Pakistan Reader# 268, 7 January 2022
According to the Rule of Law index by the World Justice Project, Pakistan’s rank has been sliding to the bottom performers reaching up to the rank of 126 in the year 2021. It is beyond doubt that the judicial system in South Asian countries is plagued by limited elite families in judiciary tradition and Pakistan as well suffers from such issues. The issue gets exaggerated when the tools and methods for delivering justice are used for meeting political ends and that only. The year 2021 was another period to litmus test the judiciary of its integrity and capability to deliver justice when all other public institutions are facing erosion of trust.
The political context
The Sharifs who had been the primary victims of judicial purview had some respite this year as Maryam Nawaz Sharif was held not guilty against the charges of non-declared assets in the Avenfield case. Previously the same institution was partisan in convicting Maryam and prohibiting her to contest in 2018 general elections in Pakistan. The year witnessed several counter-facts against the judges who were part of the bench which delivered judgment against both father and daughter Sharif, be it the leaked audio of previous CJP Saqib Nisar in presence of Rana Shamim to a NAB judge in colluding with larger forces to prevent the Sharif from participating in 2018 elections. And then the publicly filed affidavit filed by Justice Rana Shamim by which he stood by his stance. The deliberate ignorance to let politics prevail over justice backfired this year from various sections including political parties, the bar association and even the religious extremists. Even the to be CJP Justice Faiz Isa was part of propaganda against the judiciary when his source of income and his wife’s role were put under probe by FBR. He fought back with all the filed tax returns and a clear record of assets. It is interesting to note that it was Justice Faiz Isa who had denied bail continuously to former PM Nawaz Sharif in recent cases against him.
The bar association and its grievances
During Asma Jahangir conference this year, Supreme Court Bar Association president Ali Ahmad Kurd was painful in confessing the role played by the judiciary in aggravating the problems the country suffers from. He alleged that security institutions interference in judicial matters was a matter of concern for the democratic idealists in the country. The same conference witnessed sloganeering from young lawyers, they were heard shouting ‘azaadi’ from various amorphous forces in the country. The same bar association has been protesting against the approval of Justice Ayesha Malik to become a supreme court judge as seniority rule is ignored and subjective meritocracy is preferred. The bar association was hostile to judicial offices when illegally constructed offices of lawyers from where they practised were demolished on court orders. A strike call was given to lawyer bodies when their demands were not heeded to.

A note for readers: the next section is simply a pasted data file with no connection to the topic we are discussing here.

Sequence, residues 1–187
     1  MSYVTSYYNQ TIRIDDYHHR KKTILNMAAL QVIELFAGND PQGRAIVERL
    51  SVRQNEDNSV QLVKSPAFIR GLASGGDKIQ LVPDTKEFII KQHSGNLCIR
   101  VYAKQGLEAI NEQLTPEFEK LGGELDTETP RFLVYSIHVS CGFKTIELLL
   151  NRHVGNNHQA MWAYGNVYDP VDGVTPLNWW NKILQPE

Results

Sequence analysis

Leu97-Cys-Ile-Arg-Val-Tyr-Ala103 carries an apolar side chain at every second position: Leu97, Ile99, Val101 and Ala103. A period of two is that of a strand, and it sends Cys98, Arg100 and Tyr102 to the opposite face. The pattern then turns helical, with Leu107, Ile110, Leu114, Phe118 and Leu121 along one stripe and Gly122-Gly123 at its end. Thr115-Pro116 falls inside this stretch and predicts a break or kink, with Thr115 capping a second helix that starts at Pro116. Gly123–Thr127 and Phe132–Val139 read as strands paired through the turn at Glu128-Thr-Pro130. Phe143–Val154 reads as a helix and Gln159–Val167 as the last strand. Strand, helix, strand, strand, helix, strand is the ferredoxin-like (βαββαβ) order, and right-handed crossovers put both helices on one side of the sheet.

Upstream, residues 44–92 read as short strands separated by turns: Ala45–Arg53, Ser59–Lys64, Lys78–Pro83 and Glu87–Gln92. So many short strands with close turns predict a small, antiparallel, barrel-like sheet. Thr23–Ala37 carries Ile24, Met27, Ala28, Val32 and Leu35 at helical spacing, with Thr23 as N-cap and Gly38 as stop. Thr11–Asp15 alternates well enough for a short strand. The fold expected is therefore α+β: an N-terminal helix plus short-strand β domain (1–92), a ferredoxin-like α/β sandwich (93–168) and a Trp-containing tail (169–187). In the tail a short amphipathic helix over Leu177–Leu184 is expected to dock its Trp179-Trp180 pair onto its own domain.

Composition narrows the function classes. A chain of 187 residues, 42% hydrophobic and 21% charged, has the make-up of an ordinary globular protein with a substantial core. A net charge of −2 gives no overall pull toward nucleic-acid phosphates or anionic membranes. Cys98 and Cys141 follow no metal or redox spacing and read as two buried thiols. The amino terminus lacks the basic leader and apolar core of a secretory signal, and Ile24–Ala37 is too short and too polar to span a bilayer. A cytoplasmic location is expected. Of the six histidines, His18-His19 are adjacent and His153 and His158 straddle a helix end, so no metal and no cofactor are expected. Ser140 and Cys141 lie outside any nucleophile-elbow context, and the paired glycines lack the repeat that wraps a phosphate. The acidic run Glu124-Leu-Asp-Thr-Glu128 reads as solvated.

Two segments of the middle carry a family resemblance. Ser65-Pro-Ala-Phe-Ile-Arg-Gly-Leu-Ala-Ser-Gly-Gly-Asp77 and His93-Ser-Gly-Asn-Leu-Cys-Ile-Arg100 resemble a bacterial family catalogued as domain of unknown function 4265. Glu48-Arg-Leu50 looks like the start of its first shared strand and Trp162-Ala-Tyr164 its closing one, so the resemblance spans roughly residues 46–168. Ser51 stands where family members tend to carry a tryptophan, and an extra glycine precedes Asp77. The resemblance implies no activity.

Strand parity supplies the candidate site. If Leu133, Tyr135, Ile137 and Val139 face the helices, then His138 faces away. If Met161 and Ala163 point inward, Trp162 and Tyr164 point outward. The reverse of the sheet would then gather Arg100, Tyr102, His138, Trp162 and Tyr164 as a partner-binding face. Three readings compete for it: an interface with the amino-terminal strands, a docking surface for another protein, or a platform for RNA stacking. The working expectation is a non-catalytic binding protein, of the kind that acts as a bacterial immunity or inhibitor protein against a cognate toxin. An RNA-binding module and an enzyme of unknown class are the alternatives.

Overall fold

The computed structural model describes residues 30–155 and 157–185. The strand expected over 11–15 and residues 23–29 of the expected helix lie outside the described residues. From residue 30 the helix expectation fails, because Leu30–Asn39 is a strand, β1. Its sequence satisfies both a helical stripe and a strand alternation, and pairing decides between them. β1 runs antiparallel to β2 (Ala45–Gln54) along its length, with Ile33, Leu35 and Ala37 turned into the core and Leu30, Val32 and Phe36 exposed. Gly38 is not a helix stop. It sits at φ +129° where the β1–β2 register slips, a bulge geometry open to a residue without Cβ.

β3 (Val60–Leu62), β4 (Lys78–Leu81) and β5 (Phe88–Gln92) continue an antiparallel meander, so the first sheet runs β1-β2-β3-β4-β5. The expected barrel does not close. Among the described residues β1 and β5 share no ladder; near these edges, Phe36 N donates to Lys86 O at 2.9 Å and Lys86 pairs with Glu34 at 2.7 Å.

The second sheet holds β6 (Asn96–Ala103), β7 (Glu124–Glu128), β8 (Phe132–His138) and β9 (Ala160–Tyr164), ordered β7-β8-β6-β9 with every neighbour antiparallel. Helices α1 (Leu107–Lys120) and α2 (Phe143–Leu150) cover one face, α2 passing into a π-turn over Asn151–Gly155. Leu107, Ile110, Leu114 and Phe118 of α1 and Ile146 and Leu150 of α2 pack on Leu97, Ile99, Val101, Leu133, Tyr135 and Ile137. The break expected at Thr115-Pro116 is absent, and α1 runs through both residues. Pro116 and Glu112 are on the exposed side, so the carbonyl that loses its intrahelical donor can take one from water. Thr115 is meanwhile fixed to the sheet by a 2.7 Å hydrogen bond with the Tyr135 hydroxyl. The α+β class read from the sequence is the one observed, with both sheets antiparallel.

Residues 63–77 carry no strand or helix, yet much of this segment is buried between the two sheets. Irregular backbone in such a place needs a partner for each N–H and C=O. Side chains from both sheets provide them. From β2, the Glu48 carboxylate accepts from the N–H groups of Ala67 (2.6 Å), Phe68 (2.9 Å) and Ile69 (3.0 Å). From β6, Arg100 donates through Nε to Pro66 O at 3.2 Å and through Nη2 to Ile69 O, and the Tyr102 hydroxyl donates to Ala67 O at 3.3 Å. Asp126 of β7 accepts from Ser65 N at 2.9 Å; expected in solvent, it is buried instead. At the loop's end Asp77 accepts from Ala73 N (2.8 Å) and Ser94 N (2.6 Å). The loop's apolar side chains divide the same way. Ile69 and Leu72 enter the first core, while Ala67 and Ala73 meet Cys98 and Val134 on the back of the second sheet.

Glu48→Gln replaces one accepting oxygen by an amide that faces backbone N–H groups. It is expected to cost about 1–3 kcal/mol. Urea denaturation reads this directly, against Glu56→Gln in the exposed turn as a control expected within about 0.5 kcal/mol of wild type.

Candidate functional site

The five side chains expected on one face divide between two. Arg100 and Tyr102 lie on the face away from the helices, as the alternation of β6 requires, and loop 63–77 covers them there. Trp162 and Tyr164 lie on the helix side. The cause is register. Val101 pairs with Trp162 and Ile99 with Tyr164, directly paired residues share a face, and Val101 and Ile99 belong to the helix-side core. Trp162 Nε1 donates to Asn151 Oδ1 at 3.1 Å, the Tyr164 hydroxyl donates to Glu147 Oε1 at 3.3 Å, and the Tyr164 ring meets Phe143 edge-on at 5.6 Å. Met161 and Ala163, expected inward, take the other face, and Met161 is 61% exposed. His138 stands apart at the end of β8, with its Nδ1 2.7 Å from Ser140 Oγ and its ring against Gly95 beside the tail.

The business as usual?
Recently Election Commission of Pakistan reported that PTI, the current ruling party had not disclosed all the sources of its funding and hid funds worth millions of rupees from the ECP. The investigation into this matter makes the role of ECP very important in maintaining transparency and ethical conduct while contesting for election. The Supreme Court in its recent judgement empowered the members of ECP by reinterpreting the law and removing the bar of two years post judicial career and hence providing the ECP members with longer tenure. Another landmark judgment was when Justice Ayesha Malik did away with the two-finger virginity test for victims of rape and sexual abuse. So the judiciary is looking in both the directions, past and future while conveniently ignoring the present status quo of things, it remains rooted in elite capture of judicial posts yet slowly it is taking Pakistan towards a more accountable future.
“Pakistan judiciary, bar association lock horns,” The Pioneer, 21 November 2021
Malik Asad, “Lawyers go on rampage after demolition of chambers,” Dawn, 9 February 2021
Nausheen Yusuf, “ECP scrutiny committee says PTI hid funds worth millions of rupees,” The News International¸ 4 January 2022
Iftikhar A Khan, “SC ruling to help retired judges join ECP earlier than two years,” Dawn, 19 December 2021
Nadeem Farooq Paracha, “An Era Of Judicial Populism,” The Friday Times, 26 November 2021
Tariq Bashir, “Year Ender | In The Eye Of The Storm: Pakistan’s Judiciary In 2021,” The Friday Times, 31 December 2021
“How LHC Righted A Wrong By Abolishing Two-Finger Test For Rape Survivors,” Naya Daur, 10 January 2021